Nelson Mandela's daughter Makaziwe lashes out at 'media vultures' as former South African leader remains in stable but critical condition
Makaziwe Mandela says interest in former president's condition has 'gone overboard' and media are 'vultures waiting for the carcass'
Thursday 27 June 2013
Makaziwe Mandela, the eldest daughter of the ailing 94-year-old, has accused the intense media interest in Mr Mandela's condition of disrespecting her father and her family.
"We don't mind the interest, but I just think it has gone overboard. You can't even enter the hospital or go out because they are making such a nuisance," Ms Mandela said in an interview with South Africa's state broadcaster SABC.
"When Margaret Thatcher was sick in hospital, I didn't see this kind of media frenzy around [her]," she said.
"There's sort of a racist element with many of the foreign media, where they just cross boundaries," she added, after making her way through the scrum of camera crews and reporters gathered outside the hospital.
"It's truly like vultures waiting when the lion has devoured the buffalo, waiting there for the last of the carcass.
"That's the image we have as a family. If people say they really care about Nelson Mandela, then they should respect that. They should respect that there is a part of him that has to be respected."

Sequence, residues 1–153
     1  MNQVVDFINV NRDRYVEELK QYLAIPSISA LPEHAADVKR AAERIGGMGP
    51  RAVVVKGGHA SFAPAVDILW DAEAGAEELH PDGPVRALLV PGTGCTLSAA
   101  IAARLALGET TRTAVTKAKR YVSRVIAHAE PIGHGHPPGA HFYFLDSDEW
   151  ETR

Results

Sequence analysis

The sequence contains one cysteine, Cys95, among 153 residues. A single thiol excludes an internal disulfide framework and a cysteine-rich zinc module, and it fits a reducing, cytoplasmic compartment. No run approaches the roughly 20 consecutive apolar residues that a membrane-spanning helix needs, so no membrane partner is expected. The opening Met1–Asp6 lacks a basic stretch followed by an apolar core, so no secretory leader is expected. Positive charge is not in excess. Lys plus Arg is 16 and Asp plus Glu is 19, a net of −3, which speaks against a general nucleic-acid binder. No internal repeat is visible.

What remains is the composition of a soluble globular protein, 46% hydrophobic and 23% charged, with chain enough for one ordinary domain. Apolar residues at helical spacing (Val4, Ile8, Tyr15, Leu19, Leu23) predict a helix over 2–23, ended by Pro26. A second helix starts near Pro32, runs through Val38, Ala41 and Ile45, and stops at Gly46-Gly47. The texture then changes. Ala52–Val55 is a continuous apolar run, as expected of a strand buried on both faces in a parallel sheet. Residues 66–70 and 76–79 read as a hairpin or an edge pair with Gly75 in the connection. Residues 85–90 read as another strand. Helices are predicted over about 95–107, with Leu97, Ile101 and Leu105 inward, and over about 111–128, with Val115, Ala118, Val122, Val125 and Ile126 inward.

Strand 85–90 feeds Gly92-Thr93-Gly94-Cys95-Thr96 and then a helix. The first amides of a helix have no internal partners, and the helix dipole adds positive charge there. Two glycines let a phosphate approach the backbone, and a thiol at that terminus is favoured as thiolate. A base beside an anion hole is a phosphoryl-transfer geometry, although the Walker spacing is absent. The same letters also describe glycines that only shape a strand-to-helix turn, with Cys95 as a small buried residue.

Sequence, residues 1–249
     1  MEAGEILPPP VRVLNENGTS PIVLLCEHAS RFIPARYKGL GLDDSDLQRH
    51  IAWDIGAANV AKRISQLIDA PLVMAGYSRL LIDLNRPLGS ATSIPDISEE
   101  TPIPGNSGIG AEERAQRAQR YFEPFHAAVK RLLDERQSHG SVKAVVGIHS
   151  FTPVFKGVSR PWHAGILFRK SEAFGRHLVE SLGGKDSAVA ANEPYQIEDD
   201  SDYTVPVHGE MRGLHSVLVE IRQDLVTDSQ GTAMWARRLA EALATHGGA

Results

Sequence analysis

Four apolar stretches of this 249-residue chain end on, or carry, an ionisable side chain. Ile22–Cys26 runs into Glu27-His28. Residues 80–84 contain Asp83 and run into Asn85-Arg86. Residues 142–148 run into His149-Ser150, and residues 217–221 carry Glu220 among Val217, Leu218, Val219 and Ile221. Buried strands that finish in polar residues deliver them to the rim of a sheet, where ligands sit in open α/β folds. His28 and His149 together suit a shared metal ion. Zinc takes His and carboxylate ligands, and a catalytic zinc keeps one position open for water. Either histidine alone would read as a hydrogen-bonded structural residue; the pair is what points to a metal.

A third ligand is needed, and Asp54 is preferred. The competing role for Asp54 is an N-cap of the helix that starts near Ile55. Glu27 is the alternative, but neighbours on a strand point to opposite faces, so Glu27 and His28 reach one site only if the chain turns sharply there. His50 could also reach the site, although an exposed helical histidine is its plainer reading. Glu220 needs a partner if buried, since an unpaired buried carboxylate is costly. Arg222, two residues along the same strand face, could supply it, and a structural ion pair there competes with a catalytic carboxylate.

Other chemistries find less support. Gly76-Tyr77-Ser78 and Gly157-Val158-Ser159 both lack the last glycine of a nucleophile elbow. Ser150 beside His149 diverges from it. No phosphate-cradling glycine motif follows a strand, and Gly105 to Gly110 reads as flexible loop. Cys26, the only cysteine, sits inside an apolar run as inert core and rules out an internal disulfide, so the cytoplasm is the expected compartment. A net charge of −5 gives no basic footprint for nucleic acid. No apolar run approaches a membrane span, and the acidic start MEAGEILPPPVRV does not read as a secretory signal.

Speaking about her father's condition, Ms Mandela said: "I won't lie, it doesn't look good."
But she went on to say that when she spoke to him, she could see him respond and try to open his eyes.
"He's still there," she said.
Jacob Zuma, South Africa's president, has paid a second visit in 24 hours to Mandela and was told by his doctors he had improved overnight.
"He is much better today than he was when I saw him last night. The medical team continues to do a sterling job," Zuma said in a statement released by his office. The presidency said Mandela remains "critical but is now stable".
Barack Obama, who is due to visit South Africa this weekend, said his thoughts and prayers were with the Mandela family and the South African people.
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